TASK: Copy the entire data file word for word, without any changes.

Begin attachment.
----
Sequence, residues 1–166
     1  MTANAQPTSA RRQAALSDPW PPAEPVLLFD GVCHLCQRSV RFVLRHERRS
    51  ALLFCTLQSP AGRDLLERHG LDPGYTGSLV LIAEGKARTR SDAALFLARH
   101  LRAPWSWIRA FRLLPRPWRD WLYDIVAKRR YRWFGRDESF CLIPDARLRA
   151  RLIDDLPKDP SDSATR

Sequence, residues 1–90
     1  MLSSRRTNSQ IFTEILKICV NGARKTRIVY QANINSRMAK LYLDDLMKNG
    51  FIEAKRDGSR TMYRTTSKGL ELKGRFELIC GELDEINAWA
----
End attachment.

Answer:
Sequence, residues 1–166
     1  MTANAQPTSA RRQAALSDPW PPAEPVLLFD GVCHLCQRSV RFVLRHERRS
    51  ALLFCTLQSP AGRDLLERHG LDPGYTGSLV LIAEGKARTR SDAALFLARH
   101  LRAPWSWIRA FRLLPRPWRD WLYDIVAKRR YRWFGRDESF CLIPDARLRA
   151  RLIDDLPKDP SDSATR

Sequence, residues 1–90
     1  MLSSRRTNSQ IFTEILKICV NGARKTRIVY QANINSRMAK LYLDDLMKNG
    51  FIEAKRDGSR TMYRTTSKGL ELKGRFELIC GELDEINAWA